Defense Streamlines Procurement with Its
Defense Logistics Agency is rooting for its Emall
to streamline buying and save taxpayer money. And were not
talking pennies here. DLA buys supplies for military installations
all over the world. The agency also manages $900 billion in contracts
for Defense and other federal agencies.
Washington Post staff writer Sarah
Schafer says you wont find "gum-chewing teenagers with
wads of their parents disposable income" in the new Emall.
What you will find, she says, is "Pentagon officials with large
checks from the U.S. Treasury hunting for lubricating oil, drill
bits and other supplies needed to keep the worlds most powerful
In a story in the Business Section
on April 5, Schafer calls DLAs Emall the "ultimate marriage
of Washingtons old business, government, with its new one,
She writes, "As business-to-business,
or B2B, commerce companies replace business-to-consumer ventures
as the hottest Internet plays, government managers are following
their private-sector counterparts online."
Many companies that sell primarily
to government now have a "shop" on Emall. So far Emall
focuses on small purchases - under $2,500 - that are not already
automated. But thats still $4 billion worth of purchases,
according to Schafer.
"The business-to-government sector
has seen a flurry of deals and strategic partnerships recently,
with companies that might otherwise compete, joining forces and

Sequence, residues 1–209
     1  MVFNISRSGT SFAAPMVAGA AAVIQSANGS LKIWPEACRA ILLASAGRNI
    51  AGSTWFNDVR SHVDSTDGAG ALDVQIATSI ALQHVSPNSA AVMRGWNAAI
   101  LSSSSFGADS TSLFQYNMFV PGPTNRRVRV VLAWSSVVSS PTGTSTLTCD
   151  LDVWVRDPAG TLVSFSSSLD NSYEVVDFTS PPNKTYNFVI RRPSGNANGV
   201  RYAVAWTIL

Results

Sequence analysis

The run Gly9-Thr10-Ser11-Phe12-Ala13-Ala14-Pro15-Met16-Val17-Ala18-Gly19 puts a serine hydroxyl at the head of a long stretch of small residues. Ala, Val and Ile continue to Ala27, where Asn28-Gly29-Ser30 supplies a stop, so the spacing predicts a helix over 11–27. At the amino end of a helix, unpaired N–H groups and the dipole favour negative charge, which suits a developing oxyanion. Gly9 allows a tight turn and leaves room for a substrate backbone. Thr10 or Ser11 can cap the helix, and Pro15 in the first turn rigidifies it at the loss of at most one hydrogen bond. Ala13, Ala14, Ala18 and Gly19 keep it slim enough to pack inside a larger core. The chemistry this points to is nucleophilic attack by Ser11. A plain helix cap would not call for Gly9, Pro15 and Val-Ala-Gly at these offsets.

attempting to divide up the government procurement market,"
There are challenges for the government,
however. She quotes Don O'Brien, electronic commerce research-and-development
manager for the Joint Electronic Commerce Program Office at DLA.
Part of the problem, he said, is coordinating the many different
parties involved in purchasing, especially when the system "is quite
a departure from the normal way of doing business."
"As in B2B electronic commerce,
the idea behind business-to-government is to cut out as many
steps as possible between the purchaser--the government--and
the supplier. When that happens, the government reasons, transaction
"For example, O'Brien recently
visited a Navy aircraft overhaul facility. There, the mechanics
rely on "material control people" to secure parts. Before Emall,
the mechanic asked the material control worker for a part. That
worker filled out a paper form and sent it through internal
mail, or sometimes e-mail, to a procurement employee in another
office. The procurement officer would call a few suppliers or
send them a letter, asking for bids. Then, the officer would
order the part from the chosen supplier by telephone, fax or
sometimes through EDI, and the supplier would ship it to the
material control person.
"Now, the material control
worker goes to the Emall site, scrolls through parts available
from a number of pre-approved suppliers, and places the order
online directly with the supplier, which ships the part.
"Our approach is for the customers
to be able to directly interface with the supplier," O'Brien
Having government customers buy directly
from suppliers means government needs fewer procurement officials.
And last year, the Emall project cut the cost of some micropurchases
in half or more, O'Brien said.
Title: For Agencies, a High-Tech Way
By Sarah Schafer
Washington Post Staff Writer
Wednesday, April 5, 2000; Page G05
For a copy
of the article, search http://www.washpost.com
Article reviewed by Patricia B.
Wood, Editor, Access America Online Magazine. You may reach her
April 5, 2000